Include Rotator Cuff And Hip Flexor Work
First, we'll talk about the infamous rotator cuff. This complex is a group of muscles consisting of the supraspinatus, infraspinatus, teres minor, and subscapularis. Their purpose is to stabilize the shoulder. It is one of the most problematic areas for athletes.
I cannot even list to you the amount of times that I have had issues with one of my RC's, nor the amount of times that I have had either my own clients or random gym-goers inquire as to why the area around the shoulder is constantly on fire. Just thinking about it makes me nauseous.
Fortunately, there is a simple solution. There are two key exercises and one important idea that have helped to rid myself and my clients of this ridiculous shoulder pain. You might cry when you see just how easy it is.
Start with bodyweight and work up to 5-10lbs. 3 sets of 5 forward and 3 sets of 5 backward per arm. For those of you with limited ROM where the humerus connects to the scapula, this is the exercise you need to be doing.
Advanced Kettlebell Windmill
Internal and External Rotations
3 sets of 12-15 per arm, increasing weight as your body allows.
Don't underestimate it. A solid warm-up is key in the prevention of RC pain. In fact, it is key in the prevention of all sorts of pain. So don't be a dummy. Do your warm-up.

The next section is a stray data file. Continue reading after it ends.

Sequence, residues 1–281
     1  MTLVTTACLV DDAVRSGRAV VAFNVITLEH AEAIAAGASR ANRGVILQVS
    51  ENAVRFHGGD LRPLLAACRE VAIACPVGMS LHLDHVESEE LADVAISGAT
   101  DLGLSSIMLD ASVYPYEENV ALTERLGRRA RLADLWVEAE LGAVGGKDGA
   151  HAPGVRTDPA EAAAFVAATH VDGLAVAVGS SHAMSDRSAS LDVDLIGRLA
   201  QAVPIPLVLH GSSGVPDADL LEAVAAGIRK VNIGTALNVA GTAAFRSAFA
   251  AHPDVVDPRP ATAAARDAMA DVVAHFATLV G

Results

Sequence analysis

Now on to the hip flexors. Tight hip flexors can contribute to lower back pain via pelvic tilt. In particular, I'm talking about anterior pelvic tilt here. This means that the psoas major, which is responsible for lumbar extension and hip flexion, is too tight.
The glute max is supposed to oppose this muscle, but it's too weak, as are the hamstrings and the abdominals. So obviously we have a problem here. But no worries. It's really not THAT hard to fix!
Stretching the hip flexors and strengthening the core can help to reduce the level of pelvic tilt and in turn decrease lower back pain. I've had lower back pain for years, until recently. I finally realized the importance of the hip flexors. It turns out that most of my lower back pain was due to extremely tight hip flexors. Below are two of the most common stretches that I have successfully used to alleviate lower back pain: